As for those who just don't like his art, what can you say? I disagree, but if you don't like the way something looks, no verbiage or combination of screencaps is likely to change your mind.  I used to work with a guy who singled out JRJR as not being able to draw women. This baffled me. JRJR? Not being able to draw women? Can an artist survive in the comics industry for four decades without this ability? I think you can probably be a crappy artist for everything but women and still have a career, but if you can't draw women, forget it. And yet, I heard the same complaint earlier tonight while googling for this post. 

What do you think? Is there something about the way JRJR draws women that disengages you?
As a non-illustrator, this all looks fine to me. I don't refer to "hotness" or anything silly, I just mean the physical likeness of women seems well within the artist's skill set.
As a kid I always noticed the particular way JRJR drew hair.
I had about a dozen more examples but it'd likely be overkill.
Like Matisse (I'm serious! Or at least, I'm serious about one always making me think of the other) he has a particularly recognizable leg-shape he uses, as well.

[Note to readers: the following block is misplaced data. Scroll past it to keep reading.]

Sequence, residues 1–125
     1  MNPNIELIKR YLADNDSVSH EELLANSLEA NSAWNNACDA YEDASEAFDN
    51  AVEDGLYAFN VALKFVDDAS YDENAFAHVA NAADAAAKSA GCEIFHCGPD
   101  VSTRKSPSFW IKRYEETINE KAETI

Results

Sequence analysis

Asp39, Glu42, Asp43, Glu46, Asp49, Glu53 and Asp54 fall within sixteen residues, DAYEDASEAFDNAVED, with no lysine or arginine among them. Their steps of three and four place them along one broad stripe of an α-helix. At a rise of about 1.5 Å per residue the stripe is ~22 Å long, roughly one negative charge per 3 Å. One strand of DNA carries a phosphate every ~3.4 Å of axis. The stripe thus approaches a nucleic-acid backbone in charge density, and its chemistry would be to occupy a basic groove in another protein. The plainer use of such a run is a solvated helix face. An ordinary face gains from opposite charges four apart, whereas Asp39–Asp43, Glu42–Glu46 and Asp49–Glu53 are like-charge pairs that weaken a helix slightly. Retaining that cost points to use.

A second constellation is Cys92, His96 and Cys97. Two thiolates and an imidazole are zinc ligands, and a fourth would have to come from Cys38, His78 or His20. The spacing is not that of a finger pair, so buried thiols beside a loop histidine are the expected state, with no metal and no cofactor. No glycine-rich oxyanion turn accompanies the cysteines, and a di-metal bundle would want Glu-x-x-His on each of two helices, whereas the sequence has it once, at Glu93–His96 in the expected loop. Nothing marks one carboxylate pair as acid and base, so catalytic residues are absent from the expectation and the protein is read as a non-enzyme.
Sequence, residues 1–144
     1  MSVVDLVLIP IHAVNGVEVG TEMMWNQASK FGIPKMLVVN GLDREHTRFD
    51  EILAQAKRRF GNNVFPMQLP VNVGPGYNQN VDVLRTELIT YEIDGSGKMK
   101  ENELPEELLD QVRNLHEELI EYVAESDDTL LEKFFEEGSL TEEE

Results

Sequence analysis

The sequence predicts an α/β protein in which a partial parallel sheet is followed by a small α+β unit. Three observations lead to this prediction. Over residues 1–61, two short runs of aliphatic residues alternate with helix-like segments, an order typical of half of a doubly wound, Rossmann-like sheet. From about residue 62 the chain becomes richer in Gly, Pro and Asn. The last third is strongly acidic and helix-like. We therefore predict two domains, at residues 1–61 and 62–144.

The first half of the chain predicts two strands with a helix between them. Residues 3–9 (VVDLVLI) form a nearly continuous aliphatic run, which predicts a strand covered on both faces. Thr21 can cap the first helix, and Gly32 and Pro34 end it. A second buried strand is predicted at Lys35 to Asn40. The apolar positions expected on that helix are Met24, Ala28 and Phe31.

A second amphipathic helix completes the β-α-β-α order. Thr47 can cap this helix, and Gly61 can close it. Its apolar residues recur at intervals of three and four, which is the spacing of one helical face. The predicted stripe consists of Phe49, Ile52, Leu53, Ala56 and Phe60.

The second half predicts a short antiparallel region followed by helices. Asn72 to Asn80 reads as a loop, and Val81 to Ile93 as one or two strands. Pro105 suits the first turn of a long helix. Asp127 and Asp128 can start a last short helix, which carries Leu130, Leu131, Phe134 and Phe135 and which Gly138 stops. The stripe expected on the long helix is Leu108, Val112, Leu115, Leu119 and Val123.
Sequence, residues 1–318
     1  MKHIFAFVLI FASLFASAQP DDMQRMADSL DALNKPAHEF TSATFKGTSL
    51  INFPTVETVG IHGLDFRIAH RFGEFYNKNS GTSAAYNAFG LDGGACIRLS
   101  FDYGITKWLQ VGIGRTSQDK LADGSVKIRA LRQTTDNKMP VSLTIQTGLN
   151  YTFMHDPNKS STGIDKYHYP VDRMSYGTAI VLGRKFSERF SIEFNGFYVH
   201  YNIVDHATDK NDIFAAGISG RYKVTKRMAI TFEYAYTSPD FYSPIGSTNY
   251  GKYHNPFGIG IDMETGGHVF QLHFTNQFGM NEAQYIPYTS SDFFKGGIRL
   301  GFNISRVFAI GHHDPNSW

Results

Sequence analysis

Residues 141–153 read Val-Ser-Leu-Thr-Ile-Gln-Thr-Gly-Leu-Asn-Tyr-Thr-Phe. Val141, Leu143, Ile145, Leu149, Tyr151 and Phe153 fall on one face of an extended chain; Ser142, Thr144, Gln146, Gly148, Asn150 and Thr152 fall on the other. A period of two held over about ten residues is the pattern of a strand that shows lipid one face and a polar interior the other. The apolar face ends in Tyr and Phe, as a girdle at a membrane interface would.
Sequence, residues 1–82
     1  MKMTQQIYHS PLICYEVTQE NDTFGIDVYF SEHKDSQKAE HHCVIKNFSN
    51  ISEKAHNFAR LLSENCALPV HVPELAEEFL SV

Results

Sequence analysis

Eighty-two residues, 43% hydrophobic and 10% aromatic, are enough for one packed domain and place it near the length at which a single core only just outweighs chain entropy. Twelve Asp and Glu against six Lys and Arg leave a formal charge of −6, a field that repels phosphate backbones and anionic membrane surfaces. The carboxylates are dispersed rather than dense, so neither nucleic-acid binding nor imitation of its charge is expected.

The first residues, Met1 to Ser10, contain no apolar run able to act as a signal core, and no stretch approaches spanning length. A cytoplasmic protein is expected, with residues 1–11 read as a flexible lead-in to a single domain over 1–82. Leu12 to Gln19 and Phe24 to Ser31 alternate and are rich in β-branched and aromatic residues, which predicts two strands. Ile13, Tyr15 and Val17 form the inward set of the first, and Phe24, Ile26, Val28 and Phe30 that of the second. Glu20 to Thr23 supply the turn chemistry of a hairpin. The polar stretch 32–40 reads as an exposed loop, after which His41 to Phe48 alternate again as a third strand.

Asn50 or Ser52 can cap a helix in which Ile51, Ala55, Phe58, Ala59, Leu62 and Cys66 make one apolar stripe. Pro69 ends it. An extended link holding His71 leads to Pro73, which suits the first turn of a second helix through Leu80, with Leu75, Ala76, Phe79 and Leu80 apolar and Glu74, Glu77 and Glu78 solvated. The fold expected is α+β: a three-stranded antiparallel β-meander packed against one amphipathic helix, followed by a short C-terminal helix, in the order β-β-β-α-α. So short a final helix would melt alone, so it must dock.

My former co-worker's comment has stuck with me over the years, though, and I want to use this overview opportunity to see if he was onto anything. I suspect he was not. That's my prediction. Let's vote at the end of it.


JRJR's first work for (US) Marvel was "Chaos at the Coffee Bean!" from Amazing Spider-Man Annual #11 (1977.) He came to more prominent attention the following year when he hooked up with David Michelinie and Bob Layton on Iron Man.

Of this experience, he later said "(Bob and David) didn't want me to do pencils. I wasn't really treated that well. Not poorly, but I was kind of not taken as an equal. Bob Layton was also plotting as well as inking, doing finishes over my breakdowns and obscuring any of my stylization. It ended up looking like Bob Layton to me, though it was a great experience working with the two of them, a great learning process, but I didn't see my work in the finished product."